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  • As far as you can see, the land stretches, uninterrupted by buildings. There's little evidence of humanity in general here, except for the occasional power line. And the signs.

    The signs remind you that it would be unwise to park the car and ramble in these fields, admiring the hills on the horizon. You might wander through something treacherous-- but invisible. Something that requires each man and woman working out here to wear a badge with a dosimeter, a personal geiger counter. Something that gives the pastoral beauty of this place an ominous undertone.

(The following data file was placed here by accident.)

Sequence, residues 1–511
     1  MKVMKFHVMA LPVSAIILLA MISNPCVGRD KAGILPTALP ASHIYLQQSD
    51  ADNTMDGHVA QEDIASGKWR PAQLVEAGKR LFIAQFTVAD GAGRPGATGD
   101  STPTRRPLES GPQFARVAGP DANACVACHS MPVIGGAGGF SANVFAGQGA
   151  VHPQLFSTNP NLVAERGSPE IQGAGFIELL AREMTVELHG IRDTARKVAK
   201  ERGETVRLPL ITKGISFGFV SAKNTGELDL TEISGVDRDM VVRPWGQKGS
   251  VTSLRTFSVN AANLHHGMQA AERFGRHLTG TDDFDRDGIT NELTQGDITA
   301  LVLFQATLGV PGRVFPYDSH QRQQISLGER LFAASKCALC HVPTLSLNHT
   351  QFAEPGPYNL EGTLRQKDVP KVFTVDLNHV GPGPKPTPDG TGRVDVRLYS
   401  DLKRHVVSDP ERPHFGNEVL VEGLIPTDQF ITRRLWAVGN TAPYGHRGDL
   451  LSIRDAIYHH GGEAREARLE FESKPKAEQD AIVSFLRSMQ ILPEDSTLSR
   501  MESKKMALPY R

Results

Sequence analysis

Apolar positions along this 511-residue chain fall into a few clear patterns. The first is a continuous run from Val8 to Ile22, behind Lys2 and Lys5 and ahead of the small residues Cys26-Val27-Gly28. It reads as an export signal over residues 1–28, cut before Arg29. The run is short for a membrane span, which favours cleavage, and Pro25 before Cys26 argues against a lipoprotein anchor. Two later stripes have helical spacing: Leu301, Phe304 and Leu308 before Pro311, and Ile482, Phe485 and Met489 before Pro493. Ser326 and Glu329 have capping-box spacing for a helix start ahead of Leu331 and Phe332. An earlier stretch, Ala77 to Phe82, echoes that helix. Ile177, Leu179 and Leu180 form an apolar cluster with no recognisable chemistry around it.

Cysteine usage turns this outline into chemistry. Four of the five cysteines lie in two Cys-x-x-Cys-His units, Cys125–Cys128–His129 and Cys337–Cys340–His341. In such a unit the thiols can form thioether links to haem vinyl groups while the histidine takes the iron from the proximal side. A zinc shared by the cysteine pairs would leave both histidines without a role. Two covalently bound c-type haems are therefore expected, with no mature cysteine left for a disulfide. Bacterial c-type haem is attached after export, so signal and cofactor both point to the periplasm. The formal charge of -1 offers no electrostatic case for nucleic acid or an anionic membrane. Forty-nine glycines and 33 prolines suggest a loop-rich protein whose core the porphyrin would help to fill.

The irony is:
    This place is beautiful because 70 years ago it was chosen as the site to produce one of the most toxic substances the world has known. A ring of hundreds of square miles of desert became an unintentional nature preserve, a buffer to what began as a secret, and what relatively few people have laid eyes on since. This stretch of grass and sagebrush housed a feat of human engineering, an extraordinary success story that also precipitated fantastic destruction, halfway around the world.

    In the 1940s, they made plutonium here.
    In the 1940s, that plutonium was made into a bomb.
    It will take hundreds of years for this place to lose the chemical imprint of it all.
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